3 Things You're Supposed to Do... But Most Big Guys Don't!
Part 2: Time Your Rest Periods
When a client asks me how long they should rest between sets, I always answer them with one of the following:
- I select my rest periods based on the rotation of the earth, wind factor, and moon phase.
- If I ever see you look at the clock or a stopwatch to calculate rest periods, I will hit you with a baseball bat.
Precisely timing rest intervals is another thing that most coaches and personal trainers do, but that nobody who actually built a ton of muscle mass and strength ever does.
We all recover at different rates. So how can a specific rest period be adequate for everybody doing a program? If I recover slowly, resting 90 seconds between two hard sets might not be enough and my performance could suffer. If someone else recovers super fast and has a short attention span, forcing himself to wait 90 seconds might throw him out of the zone.
Furthermore, even individual recovery rate can vary. For example, your recovery time will be slower if:
- You're tired
- You're on a low-carb diet or didn't ingest enough nutrients that day
- The training environment is really hot and humid
- You had a huge cheat meal/day and are bloated and holding water
- You suffer from brain fog or lack motivation
The goal of a training program is NOT to do a list of chores. It's to stimulate a physiological response. So I prefer to give general recovery recommendations based on what I want to accomplish with an exercise.
A. If your goal is to maximize performance on a lift, you want to use the amount of rest necessary for you to perform optimally. You don't want fatigue to hurt your capacity to lift, but you don't want to rest so much that you get out of the zone either.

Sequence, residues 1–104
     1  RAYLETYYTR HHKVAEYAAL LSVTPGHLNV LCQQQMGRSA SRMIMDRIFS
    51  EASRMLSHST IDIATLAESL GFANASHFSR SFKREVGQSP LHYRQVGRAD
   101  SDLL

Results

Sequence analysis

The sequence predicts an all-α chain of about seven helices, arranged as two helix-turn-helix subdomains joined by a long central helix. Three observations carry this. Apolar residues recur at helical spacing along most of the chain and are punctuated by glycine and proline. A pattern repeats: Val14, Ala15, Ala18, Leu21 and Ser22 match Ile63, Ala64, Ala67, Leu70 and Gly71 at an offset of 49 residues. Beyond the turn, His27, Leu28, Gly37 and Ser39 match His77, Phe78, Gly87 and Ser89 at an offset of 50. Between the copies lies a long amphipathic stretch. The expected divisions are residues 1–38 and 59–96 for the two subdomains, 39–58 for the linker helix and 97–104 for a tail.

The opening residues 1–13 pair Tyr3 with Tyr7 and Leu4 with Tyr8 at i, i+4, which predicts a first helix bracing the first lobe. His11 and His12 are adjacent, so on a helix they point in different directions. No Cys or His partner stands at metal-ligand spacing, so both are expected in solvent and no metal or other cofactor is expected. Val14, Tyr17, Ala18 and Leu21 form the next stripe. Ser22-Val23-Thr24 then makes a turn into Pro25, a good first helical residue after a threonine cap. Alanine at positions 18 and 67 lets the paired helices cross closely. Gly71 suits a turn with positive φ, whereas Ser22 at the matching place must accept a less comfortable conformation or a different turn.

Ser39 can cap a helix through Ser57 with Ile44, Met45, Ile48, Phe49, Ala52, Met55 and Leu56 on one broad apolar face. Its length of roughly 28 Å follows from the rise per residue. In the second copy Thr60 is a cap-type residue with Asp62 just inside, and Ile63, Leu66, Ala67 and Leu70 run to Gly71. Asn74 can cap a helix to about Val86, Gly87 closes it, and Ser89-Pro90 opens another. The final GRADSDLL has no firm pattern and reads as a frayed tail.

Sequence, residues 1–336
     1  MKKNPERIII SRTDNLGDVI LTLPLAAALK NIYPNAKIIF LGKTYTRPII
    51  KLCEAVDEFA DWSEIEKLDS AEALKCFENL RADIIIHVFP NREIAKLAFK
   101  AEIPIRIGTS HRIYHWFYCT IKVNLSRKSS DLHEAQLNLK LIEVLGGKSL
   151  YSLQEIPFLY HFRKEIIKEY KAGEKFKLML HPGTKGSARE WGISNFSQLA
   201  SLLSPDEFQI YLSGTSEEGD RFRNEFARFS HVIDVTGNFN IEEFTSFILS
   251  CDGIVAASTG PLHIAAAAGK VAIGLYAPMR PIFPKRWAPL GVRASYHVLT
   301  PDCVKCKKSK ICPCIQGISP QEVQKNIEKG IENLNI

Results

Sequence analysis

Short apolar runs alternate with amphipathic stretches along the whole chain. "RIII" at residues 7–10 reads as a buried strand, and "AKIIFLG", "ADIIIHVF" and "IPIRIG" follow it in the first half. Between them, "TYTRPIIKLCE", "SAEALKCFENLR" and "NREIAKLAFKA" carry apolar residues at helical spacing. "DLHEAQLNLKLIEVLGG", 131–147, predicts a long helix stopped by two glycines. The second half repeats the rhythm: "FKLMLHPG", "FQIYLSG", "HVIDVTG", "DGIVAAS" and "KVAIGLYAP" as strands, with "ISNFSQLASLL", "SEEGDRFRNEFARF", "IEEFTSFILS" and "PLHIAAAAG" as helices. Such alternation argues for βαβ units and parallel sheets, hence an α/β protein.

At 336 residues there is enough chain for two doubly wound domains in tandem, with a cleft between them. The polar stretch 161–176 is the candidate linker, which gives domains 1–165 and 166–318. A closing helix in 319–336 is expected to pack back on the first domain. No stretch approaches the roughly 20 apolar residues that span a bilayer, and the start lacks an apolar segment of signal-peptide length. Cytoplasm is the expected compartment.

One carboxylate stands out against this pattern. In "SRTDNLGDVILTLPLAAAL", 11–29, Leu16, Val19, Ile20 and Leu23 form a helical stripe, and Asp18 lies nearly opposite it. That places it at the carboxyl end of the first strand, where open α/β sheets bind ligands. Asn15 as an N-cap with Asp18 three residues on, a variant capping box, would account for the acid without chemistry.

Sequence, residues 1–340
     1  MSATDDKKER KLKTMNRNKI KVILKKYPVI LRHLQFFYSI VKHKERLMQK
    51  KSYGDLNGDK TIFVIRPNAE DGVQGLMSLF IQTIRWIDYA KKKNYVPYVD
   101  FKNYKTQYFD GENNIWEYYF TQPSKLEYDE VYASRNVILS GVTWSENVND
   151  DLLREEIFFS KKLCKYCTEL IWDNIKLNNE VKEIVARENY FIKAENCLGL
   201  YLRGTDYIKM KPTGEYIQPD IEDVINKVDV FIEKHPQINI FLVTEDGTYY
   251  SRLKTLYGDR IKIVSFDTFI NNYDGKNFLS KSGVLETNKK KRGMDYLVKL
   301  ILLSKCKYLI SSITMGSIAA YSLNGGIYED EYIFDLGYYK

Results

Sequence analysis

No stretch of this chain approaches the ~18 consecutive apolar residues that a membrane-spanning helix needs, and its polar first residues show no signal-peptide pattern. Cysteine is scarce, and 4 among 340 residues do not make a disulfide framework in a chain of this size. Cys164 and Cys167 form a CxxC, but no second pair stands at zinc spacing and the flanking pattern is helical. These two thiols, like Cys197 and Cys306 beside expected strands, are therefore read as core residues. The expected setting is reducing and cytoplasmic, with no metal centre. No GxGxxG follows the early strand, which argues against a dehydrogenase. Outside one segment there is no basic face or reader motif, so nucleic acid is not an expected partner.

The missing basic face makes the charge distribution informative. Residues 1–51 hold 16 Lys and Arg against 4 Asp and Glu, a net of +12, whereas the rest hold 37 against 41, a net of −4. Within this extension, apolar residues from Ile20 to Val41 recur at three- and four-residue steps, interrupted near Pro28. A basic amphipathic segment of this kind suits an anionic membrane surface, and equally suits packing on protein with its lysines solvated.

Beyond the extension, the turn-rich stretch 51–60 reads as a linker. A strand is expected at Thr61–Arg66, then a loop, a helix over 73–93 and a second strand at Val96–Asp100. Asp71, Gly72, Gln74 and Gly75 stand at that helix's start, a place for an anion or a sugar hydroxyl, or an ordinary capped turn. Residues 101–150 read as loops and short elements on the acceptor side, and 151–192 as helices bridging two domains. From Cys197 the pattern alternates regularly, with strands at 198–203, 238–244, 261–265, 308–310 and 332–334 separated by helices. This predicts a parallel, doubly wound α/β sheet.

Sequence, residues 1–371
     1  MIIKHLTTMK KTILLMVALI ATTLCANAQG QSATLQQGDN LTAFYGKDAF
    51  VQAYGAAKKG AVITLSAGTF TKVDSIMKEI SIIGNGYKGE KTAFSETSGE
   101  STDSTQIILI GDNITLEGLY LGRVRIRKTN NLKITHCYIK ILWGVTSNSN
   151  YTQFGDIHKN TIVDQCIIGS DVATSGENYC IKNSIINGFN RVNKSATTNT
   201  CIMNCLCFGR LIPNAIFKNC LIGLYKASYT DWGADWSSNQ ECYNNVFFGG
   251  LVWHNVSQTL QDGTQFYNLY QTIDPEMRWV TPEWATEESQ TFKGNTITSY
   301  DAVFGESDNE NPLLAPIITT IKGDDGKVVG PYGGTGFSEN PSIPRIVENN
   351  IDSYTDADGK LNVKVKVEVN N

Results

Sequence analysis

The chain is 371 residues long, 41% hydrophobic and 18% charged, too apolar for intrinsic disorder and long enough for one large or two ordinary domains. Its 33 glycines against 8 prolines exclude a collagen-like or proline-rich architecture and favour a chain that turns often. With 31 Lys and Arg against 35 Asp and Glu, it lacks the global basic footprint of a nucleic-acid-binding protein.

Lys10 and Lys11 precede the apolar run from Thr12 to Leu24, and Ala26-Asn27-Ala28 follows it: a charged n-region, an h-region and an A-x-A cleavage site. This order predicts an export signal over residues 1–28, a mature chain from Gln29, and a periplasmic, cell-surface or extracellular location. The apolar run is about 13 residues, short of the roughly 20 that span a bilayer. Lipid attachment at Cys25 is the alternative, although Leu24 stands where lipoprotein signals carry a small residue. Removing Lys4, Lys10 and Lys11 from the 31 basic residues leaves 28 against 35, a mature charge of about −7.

B. If your goal is to accumulate waste products and get a maximum pump, you want incomplete rest, to be able to pile on blood and waste products in the muscle. Don't rest so long that you start to lose a bit of a pump. In that case, you accept a drop in performance to be able to magnify the pump on every set.
C. If your goal is conditioning, you want to rest enough to be able to do another bout, but not so much that your heart rate drops down significantly. You want to keep the heart rate elevated during the whole time you're performing the conditioning section.
No truly muscular/strong guy times his rest periods. He instinctively knows how long to rest based on how his body is feeling and what he's trying to accomplish.
Tomorrow I'll discuss another thing you're supposed to do that most muscular dudes never actually do: follow a specific workout as written. -- Christian Thibaudeau
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